Working Hard!

Hi everyone, I hope you all had a great holiday.

Today’s DotO Blog Update is a bit of a non-update. We are all currently working hard, but we’re kind of in between things that I can show you.

Last week we saw the big Turn Meter update and I’m still super hyped about it. Now, everyone is back to grinding. Ben is working on some of our first actual art for Loot. We decided to start at the uncommon rarity. I can’t wait to see what he comes up with for all of the items.

Nyka is hard at work making the Puke Rat move. It’s a squirmy little bugger and I can’t wait to see it filling the dungeons.

Kel is working on the rest of Prototype 4 (and hopes to be done at the end of the month!) and has so much to do. Seriously, the amount of work he is packing into this update is just crazy. There’s UI and borders, fixing bugs, adding more dungeon levels, more mobs, XP improvements, and even updates to the character creator.

I seriously can’t wait to show you this next update. I’m also stoked to see where we go next.

It’s still going to be a long long time before the game can go live, but I really hope you are enjoying watching our progress. If you have any questions or things you think I should post about, send them to me on Discord or email to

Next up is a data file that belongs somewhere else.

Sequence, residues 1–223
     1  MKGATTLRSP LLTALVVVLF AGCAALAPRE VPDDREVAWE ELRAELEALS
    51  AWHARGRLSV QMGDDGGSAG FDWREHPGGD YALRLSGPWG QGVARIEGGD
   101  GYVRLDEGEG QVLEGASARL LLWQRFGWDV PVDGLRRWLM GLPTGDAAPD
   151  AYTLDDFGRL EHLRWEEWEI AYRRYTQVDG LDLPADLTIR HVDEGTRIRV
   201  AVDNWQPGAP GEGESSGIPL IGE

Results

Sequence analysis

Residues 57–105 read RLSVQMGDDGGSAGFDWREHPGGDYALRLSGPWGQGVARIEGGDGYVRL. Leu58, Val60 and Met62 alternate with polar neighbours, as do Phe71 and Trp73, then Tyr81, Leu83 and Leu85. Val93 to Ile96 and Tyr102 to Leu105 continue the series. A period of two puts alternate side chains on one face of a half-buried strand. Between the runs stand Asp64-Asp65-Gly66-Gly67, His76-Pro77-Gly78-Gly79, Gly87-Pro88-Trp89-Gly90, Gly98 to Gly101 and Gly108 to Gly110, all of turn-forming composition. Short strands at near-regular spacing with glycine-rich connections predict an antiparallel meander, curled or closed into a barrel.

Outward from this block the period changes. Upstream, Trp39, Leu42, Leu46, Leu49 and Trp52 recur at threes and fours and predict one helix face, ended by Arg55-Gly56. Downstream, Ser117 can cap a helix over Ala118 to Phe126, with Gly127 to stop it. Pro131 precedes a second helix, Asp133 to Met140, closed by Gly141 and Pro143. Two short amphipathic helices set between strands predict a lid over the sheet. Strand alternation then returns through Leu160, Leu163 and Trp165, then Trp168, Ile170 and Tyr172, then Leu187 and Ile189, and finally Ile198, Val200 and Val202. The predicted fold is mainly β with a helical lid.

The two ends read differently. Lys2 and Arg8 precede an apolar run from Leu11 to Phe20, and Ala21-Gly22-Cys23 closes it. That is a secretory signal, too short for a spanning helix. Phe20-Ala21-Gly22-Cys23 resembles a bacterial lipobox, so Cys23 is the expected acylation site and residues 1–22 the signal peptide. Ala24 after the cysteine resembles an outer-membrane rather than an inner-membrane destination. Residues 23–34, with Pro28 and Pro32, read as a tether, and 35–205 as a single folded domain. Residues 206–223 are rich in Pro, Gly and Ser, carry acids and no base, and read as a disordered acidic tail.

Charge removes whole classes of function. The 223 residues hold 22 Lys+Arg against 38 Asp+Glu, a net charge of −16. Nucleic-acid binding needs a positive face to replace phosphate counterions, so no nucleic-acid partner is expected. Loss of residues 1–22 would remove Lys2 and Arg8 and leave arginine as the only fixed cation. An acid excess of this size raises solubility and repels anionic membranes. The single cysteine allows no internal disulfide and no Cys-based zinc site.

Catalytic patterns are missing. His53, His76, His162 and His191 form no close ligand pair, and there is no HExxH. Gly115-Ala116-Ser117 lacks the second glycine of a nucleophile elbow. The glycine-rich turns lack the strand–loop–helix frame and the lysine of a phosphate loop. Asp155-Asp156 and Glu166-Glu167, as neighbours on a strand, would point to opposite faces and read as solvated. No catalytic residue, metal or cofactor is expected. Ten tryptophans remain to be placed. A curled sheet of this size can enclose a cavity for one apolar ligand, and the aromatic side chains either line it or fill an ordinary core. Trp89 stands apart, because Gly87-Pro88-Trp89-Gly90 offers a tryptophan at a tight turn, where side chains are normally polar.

Executive Prime

Our New Turn Meter

It’s Saturday evening and for this DotO Update Blog I want to tell you all about our new Turn Meter! Since our game is turn-based it is super important to know when your turn is coming up and when the enemies are going to be attacking you.

We originally had little bars under everyone that would fill up based on some weird equation that we grabbed online. It really didn’t work. You couldn’t tell who was going when or how fast the bars would fill up. And you couldn’t tell what your Dexterity was doing for you. It was impossible to know how much Dexterity your character needed to outspeed the Glubs.